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Mill Valley Schools Closed Today for First of Two Furloughs

The unpaid day off for teachers and staff is part of a "shared sacrifice" approach to reducing a budget deficit. Voters will also be asked to pass a new $196 parcel tax on the Nov. 6 ballot.

Teachers and staff are taking one for the team on Monday, as all schools in the Mill Valley School District close down for the first of two furlough days this year.

The unpaid day off for all staff, which includes teachers, support staff and administrators, is expected to save a projected $200,000 as the district combats a $1.4 million budget deficit.

“In light of the financial crisis facing the district after millions of dollars in cutbacks by the state, this is part of the staff's contribution in the district's shared sacrifices/solutions approach,” Superintendent Paul Johnson said in a letter to the school community.  “I did want to stress that for our staff this is a significant personal sacrifice and their efforts are much appreciated.”

Teachers agreed to the salary reductions, as well as paying a higher percentage of medical coverage costs, in exchange for a one-time payment of between $248 and $497 to help cover rising premiums. That’s in addition to concessions teachers made last year to make annual contributions into a retiree medical benefit trust and to increase the number of years of service required to received retirement benefits from 10 to 20 years.

It’s also just one piece of the strategy to maintain the quality teachers and academic programs in the Mill Valley School District, Johnson said.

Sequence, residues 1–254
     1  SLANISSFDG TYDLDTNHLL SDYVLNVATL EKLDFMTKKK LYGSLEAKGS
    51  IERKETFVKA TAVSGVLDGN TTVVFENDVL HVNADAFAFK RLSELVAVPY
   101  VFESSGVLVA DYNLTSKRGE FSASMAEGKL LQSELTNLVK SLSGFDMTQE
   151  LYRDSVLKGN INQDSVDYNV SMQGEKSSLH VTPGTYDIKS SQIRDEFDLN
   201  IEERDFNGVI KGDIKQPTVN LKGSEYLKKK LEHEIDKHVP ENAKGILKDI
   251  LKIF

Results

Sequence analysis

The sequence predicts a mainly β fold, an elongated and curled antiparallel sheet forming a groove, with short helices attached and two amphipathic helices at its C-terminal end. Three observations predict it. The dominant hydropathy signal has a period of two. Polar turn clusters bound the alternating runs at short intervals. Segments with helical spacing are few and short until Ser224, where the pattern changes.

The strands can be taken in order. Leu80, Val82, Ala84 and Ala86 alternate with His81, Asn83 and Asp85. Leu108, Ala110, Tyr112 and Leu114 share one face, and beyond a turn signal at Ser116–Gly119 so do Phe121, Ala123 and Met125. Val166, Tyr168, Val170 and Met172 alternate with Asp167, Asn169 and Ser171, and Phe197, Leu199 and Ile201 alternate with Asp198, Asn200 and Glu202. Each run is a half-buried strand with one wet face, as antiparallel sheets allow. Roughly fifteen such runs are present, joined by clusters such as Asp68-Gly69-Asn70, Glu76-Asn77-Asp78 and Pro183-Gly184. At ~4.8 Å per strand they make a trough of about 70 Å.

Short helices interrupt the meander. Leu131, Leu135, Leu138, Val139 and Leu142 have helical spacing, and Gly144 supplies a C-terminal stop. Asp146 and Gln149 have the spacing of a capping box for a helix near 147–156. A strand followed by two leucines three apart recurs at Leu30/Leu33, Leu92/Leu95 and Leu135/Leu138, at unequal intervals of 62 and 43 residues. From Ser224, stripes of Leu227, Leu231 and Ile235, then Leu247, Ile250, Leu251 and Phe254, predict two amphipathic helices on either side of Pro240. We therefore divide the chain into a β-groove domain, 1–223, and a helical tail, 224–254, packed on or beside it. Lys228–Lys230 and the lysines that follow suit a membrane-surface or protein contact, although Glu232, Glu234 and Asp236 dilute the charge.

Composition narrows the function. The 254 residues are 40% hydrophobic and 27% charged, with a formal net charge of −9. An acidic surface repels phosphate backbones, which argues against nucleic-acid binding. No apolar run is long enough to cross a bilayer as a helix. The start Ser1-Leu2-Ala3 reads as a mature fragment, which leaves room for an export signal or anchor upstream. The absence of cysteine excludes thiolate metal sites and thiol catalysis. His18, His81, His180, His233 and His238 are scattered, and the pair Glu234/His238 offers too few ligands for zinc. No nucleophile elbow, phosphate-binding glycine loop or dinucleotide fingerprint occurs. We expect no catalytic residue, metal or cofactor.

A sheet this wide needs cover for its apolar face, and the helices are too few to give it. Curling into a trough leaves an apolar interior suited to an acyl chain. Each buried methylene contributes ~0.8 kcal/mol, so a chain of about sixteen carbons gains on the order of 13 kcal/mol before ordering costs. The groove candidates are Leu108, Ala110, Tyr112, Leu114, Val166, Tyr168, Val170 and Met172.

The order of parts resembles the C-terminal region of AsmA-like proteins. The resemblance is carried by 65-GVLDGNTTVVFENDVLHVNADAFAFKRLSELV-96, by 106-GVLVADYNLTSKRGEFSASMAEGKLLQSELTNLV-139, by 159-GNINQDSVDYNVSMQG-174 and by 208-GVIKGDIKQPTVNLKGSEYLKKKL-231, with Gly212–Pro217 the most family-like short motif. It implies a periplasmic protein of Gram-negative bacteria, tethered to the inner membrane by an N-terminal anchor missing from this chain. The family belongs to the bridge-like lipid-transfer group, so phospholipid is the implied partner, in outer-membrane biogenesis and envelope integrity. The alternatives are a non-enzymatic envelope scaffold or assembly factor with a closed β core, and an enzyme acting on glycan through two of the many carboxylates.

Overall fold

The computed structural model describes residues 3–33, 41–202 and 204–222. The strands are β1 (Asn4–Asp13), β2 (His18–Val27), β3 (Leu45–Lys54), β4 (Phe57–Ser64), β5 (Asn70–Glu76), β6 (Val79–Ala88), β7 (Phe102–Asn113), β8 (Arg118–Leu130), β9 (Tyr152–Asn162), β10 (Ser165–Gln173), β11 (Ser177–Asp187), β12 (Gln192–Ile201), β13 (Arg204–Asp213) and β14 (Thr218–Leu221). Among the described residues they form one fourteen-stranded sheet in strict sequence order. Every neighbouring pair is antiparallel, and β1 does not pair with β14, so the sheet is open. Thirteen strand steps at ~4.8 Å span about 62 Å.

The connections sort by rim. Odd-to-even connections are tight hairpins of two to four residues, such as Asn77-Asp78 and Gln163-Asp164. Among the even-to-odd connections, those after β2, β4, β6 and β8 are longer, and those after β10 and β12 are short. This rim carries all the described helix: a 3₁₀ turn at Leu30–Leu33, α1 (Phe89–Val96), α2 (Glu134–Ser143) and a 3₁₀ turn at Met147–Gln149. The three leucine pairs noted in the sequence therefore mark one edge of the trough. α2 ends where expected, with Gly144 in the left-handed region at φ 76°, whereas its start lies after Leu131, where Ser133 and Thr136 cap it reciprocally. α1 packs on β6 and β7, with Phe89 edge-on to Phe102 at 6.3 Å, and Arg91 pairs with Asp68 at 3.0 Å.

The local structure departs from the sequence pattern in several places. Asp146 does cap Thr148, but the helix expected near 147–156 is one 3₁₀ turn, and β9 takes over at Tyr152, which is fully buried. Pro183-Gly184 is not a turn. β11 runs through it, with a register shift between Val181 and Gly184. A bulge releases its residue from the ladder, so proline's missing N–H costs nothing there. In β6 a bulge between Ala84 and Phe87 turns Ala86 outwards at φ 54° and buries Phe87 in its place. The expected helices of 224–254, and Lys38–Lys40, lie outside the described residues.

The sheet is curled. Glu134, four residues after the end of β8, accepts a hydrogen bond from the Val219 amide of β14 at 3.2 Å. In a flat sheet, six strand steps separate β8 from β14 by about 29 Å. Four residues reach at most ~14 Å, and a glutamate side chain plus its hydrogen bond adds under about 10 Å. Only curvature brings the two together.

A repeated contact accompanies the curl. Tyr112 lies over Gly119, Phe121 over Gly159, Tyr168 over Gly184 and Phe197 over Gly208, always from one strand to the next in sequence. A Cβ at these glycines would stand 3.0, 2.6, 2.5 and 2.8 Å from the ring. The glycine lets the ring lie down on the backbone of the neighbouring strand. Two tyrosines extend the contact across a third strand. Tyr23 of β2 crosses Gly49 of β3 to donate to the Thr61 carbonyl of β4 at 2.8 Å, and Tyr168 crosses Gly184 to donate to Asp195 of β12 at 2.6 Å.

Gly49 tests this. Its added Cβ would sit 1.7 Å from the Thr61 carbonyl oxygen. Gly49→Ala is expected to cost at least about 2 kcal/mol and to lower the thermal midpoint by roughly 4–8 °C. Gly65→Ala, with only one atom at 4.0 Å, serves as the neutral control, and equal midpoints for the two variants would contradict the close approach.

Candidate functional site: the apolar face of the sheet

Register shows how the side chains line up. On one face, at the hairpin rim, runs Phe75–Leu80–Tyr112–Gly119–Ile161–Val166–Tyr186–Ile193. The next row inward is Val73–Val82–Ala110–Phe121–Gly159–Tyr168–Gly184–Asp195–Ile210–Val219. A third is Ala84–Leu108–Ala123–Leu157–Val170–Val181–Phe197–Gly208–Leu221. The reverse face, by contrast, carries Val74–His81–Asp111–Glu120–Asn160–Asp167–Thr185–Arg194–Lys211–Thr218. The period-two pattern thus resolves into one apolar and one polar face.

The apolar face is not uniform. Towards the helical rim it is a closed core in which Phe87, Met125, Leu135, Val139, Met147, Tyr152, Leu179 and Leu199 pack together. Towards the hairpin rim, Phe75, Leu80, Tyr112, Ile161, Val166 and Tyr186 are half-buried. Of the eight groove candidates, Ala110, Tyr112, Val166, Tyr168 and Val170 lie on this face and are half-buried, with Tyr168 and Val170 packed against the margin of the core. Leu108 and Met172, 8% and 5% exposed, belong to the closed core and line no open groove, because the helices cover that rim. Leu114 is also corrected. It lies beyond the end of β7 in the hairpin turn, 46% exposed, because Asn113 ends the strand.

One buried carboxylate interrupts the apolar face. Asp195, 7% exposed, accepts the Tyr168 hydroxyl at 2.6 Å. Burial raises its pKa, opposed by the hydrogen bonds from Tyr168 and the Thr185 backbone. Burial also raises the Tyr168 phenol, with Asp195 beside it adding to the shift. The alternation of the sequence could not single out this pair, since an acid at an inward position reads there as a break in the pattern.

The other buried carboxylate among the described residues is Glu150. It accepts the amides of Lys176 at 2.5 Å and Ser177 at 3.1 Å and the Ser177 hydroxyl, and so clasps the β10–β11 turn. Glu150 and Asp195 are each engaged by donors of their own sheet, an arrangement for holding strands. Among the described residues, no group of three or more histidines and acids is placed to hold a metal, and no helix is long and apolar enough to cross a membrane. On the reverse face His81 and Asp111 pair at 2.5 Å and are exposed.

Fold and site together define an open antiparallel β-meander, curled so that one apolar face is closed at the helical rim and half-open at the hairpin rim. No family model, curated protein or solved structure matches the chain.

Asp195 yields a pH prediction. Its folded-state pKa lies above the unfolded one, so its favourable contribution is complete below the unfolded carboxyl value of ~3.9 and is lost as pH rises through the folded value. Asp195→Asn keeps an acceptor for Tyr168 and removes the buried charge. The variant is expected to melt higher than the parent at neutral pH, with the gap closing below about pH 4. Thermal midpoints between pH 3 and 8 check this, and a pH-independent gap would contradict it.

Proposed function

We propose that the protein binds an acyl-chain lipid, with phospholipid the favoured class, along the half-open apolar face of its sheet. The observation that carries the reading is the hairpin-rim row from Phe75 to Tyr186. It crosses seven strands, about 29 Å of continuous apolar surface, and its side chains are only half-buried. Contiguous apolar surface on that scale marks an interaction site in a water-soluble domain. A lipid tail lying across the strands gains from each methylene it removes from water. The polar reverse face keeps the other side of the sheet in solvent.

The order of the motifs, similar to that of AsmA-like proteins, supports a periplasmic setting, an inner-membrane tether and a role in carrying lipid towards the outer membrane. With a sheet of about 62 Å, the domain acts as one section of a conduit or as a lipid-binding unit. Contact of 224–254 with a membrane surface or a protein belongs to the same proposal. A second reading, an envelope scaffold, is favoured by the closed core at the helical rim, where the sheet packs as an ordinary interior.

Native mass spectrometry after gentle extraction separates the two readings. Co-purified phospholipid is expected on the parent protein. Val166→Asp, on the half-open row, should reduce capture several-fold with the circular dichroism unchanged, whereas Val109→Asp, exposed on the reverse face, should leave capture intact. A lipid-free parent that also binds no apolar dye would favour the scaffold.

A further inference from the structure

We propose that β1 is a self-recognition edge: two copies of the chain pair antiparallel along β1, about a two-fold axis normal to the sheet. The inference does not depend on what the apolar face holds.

Kiddo! and the PTA’s have stepped up to help pay for supplies and PE this year, and the district is campaigning hard for voters to pass a new $196 parcel tax on top of the existing $731 parcel tax on the Nov. 6 ballot.

“I recognize that Monday's furlough day may pose a hardship for many families,” Johnson said, “and I thank you for your efforts to support the district.”

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Citizen October 08, 2012 at 07:11 PM
Please take the time to read the entire mill valley schools collective bargaining agreement. Sometimes the public is swayed by the op/ed section of the newspaper. Salaries, work hours and benefits for school district employees are clearly spelled out. Review the material and decide the tax measures that effect our schools. Citizen
Marilyn B October 09, 2012 at 03:51 AM
I am confused by this comment: "The unpaid day off for teachers and staff is part of a "shared sacrifice" approach..." Who is "sharing the sacrifice" with the teachers who have lost a day of pay, and the students who lost a day of school?
Magoo October 09, 2012 at 04:25 AM
How could they have saved 200,000 for Oct. 8? There was to have been 180 in the school year. 180 x 200,000 = a 36 miillion dollar budget. The real budget is half of that. You should read the fine print as to what the current teachers are giving up versus what they are making future teachers pay.
Geoff Flint October 09, 2012 at 04:27 AM
The parents who got stuck taking care of their kids for the day! :-)
MVParent October 09, 2012 at 01:13 PM
I suppose they could have just fired a couple of teachers instead. That would only have affected maybe 50-60 kids. You'd be happy as long as your kid's class wasn't overloaded with students....
Bernard Meisler October 09, 2012 at 02:41 PM
The MVMS built a locker room this summer. And they have an iPad station too. Couldn't they have spent that on paying for the two extra days of school? What really peeves me off - how hard would it have been to coordinate this day off with the development day at Tam High, which was Monday last week?

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